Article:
The Lumix LX100 II is a brand new version of the original LX100, which is starting to show its age. The new model has a 16-megapixel ‘multi-aspect’ sensor, meaning you get the standard 4: 3 aspect ratio, the 3: 2 ratio used by most DSLRs and mirrorless models, or a 16: 9 use ‘wide’ format without cropping the image and losing pixels. With an external shutter speed switch, aperture ring and an image ratio switch, the LX100 II is one of the best compact cameras for enthusiasts and experts.

Pros:

  • Only compact with MFT sensor
  • Fast f/1.7-2.8 lens

Cons:

  • 4K video, 4K Photo modes
  • 17MP is lower than some rivals

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Leica Q (Typ 116)

Don’t care about money? This luxury compact camera blends full-frame quality and tradition

  • Sensor: Full frame
  • Megapixels: 24MP
  • Lens: 28mm f/1.7
  • Screen: 3in fixed touchscreen, 1.04million dots
  • Viewfinder: EVF
  • Max burst speed: 10fps
  • Max video resolution: Full HD
  • User level: Expert

The Leica Q is very competitive compared to most other point-and-shoots, but if you can expand your budget, you get value for money. This premium hunk camera has a very fast, 28 mm f/1.7 stabilized lens, together with a 24.2 MP full-frame sensor, all wrapped in a luxurious Leica build quality. In terms of style, the Q has much in common with Leica’s M-series rangefinders, but it contains a 3.68 million dot electronic viewfinder and a touch screen, and it is also the first full-frame camera of the company that has autofocus. What it lacks in modern functions for compact cameras, such as an extensive range of filter effects, is compensated with a solid core of traditional illumination control and excellent image quality. It is simply one of the best compact cameras out there.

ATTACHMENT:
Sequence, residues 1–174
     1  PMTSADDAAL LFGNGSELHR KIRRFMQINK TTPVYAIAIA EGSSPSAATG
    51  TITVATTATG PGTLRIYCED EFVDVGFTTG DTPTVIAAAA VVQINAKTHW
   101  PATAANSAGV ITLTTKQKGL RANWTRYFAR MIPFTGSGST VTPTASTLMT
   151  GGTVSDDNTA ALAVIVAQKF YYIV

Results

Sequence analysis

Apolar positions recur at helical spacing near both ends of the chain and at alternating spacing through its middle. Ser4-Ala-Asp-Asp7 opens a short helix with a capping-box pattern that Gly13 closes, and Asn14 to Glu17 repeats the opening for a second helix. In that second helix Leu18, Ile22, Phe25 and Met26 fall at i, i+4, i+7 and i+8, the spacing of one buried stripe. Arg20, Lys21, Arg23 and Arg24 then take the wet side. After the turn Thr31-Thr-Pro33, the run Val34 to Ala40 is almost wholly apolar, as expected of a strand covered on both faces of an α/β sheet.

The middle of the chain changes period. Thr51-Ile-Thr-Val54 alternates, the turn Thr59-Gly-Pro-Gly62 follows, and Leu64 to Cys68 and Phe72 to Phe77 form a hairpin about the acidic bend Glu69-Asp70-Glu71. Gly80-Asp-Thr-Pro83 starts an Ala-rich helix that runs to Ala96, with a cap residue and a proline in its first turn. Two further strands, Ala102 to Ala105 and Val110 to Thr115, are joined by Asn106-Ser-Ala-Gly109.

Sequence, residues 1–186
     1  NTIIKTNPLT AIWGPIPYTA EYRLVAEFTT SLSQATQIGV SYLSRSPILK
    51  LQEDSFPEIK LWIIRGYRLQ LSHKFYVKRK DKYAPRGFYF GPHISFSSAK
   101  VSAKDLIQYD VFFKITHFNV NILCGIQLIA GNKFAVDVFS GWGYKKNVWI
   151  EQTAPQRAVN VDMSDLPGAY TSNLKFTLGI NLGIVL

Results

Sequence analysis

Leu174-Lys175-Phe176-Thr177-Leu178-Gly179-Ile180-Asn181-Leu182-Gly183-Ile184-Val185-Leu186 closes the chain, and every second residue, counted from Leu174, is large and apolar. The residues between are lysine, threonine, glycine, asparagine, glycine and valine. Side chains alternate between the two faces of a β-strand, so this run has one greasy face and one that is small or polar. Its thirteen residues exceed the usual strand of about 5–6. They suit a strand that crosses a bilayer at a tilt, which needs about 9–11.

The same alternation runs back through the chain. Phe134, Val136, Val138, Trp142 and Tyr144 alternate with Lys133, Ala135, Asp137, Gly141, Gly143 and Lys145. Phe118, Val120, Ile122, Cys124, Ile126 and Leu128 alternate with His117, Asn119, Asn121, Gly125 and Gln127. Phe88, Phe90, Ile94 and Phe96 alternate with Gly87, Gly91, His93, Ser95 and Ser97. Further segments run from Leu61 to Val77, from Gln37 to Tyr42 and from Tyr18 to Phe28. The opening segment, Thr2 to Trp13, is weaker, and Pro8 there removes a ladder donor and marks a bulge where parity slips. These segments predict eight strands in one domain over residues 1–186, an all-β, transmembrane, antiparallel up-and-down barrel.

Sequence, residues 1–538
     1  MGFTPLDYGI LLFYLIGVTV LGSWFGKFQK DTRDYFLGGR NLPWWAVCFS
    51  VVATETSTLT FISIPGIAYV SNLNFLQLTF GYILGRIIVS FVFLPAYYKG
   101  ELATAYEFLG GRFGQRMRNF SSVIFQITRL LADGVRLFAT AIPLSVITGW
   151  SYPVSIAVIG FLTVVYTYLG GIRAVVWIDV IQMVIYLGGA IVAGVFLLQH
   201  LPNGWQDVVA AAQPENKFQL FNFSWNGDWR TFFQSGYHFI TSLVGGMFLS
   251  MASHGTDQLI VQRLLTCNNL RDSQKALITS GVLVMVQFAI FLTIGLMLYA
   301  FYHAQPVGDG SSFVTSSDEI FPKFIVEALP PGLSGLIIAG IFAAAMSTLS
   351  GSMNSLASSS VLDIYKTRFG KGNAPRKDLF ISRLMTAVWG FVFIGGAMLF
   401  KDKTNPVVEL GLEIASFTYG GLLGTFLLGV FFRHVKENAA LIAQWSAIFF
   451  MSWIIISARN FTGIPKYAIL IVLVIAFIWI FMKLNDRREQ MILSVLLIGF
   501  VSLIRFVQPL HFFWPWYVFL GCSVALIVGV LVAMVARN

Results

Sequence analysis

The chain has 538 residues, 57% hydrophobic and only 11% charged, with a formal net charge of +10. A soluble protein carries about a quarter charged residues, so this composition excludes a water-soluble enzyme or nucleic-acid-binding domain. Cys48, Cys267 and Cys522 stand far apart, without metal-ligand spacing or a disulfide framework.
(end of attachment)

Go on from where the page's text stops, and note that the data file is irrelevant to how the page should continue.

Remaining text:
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Pros:

  • Excellent build quality
  • Very sharp lens

Cons:

  • Fixed focal length
  • No 4K video
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Panasonic Lumix LX10

With its bright lens, this Lumix sparkles in low-light conditions

  • Type: Compact
  • Sensor: 1in
  • Megapixels: 20.1MP
  • Lens: 24-72mm f/1.4-2.8 (equiv.)
  • Display: 3in tilting touchscreen, 1,040,000 dots
  • Max burst speed: 10fps
  • Max video resolution: 4K
  • User level: Enthusiast

The Lumix LX10 is another Panasonic compact that packs an impressive scale of performance for its small size. The big proverb is the 24-72 mm (equivalent) Leica lens. It is not so much the focal length range – which finally offers a shrugging standard range – but rather the bright f/1.4 maximum aperture at the wide end. Such a large aperture means that the ISO does not have to be pushed so high to achieve fast shutter speeds in low light, keeping the sound at a distance.

The camera also has a reliable AF system, which increases the chance of sharp shots even though the lack of a good grip is not ideal. Like the Panasonic ZS100 and ZS2000 superzooms, the LX15 has a 20.1 MP, 1-in-1 CMOS sensor in the heart, which not only collects more light than a traditional compact camera sensor but also captures 4K videos. The image quality for both photos and videos is also excellent, which is the main reason to upgrade from a smartphone to a point-and-shoot camera like this one. Overall, this is one of the best compact cameras to buy right now.

Pros:

  • Large sensor in a tiny body
  • Great image and video quality

Cons:

  • No viewfinder
  • Lack of integrated ND filter

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Ricoh GR II